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Lad culture called out for continuing to sideline women in whisky

Published:  21 February, 2022

The whisky industry is still suffering from a prevailing “laddish culture” by some consumers and members of the trade who see female employees as a “novelty”, the head of Penderyn’s distillery operations has said.

Speaking ahead of Saturday’s US forum, Women Who Whiskey, Laura Davies, general manager at Penderyn Distillery, said she had experienced side-lining behaviour from men during distillery visits.

Despite working at the Brecon Beacons distillery for a decade, she said it is not uncommon for male visitors to wrongly assume she works in the sales department or overlook her altogether, as they fail to fully grasp her role.

“Occasionally, someone comes to the site and introduces themselves to the male first and ignores me completely. Or we walk into a room and they speak directly to my male colleague and ignore me until they’re pulled up on it,” she said.

“When I have travelled with a male colleague, I’ve been asked: ‘Do you work in the sales department?’ a few times. That sort of insinuation is you are somewhere you shouldn’t naturally be.”

The role of women in whisky has been the subject of particular debate since the public spat between journalist Becky Paskin and whisky writer Jim Murray in the autumn of 2020. At the time, alleged sexist comments about Penderyn’s single malt range were made. Now, Davies is speaking up to encourage women to engage in open dialogues about the issues they face.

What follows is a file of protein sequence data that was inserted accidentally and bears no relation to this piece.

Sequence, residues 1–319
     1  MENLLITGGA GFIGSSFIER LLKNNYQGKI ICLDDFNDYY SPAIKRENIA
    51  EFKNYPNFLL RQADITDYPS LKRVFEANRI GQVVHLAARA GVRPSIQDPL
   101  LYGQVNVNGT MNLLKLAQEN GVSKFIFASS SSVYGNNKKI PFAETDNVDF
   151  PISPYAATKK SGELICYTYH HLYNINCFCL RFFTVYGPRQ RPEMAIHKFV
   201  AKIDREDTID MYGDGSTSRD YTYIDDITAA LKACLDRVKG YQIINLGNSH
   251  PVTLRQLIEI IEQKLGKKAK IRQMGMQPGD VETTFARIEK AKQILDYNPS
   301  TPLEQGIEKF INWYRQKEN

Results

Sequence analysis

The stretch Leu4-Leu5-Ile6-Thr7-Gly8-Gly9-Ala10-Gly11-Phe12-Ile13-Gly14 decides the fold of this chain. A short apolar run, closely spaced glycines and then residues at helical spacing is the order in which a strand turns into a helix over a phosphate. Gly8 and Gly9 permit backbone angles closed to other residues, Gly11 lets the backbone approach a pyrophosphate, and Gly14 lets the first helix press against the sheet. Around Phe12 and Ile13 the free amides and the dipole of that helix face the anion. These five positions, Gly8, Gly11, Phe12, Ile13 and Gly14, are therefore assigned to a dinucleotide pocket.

Change must be made for the better “rather than just to cause an uproar. You can create change rather than create drama”, she said.

Despite casually sexist remarks – men occasionally tell her that they have bottles of whisky in their cupboard which are older than she is – Davies insists she had always been well supported and respected by her team.

While men make up a large part of the various teams she manages, she says “They see me as an equal. They have never told me I can’t do something because I’m a woman. I speak with our importers in the US regularly, they value the female opinions just as much as the males.”

Recent figures from Kantar have gone some way to debunk the myth that whisky is still a male-only consumer base.

Around 40 million more glasses of whisky are consumed by women in Britain each year than were drunk back in 2010. While the amount of whisky women drink shot up by 15% during that time, it only increased by 6% for men.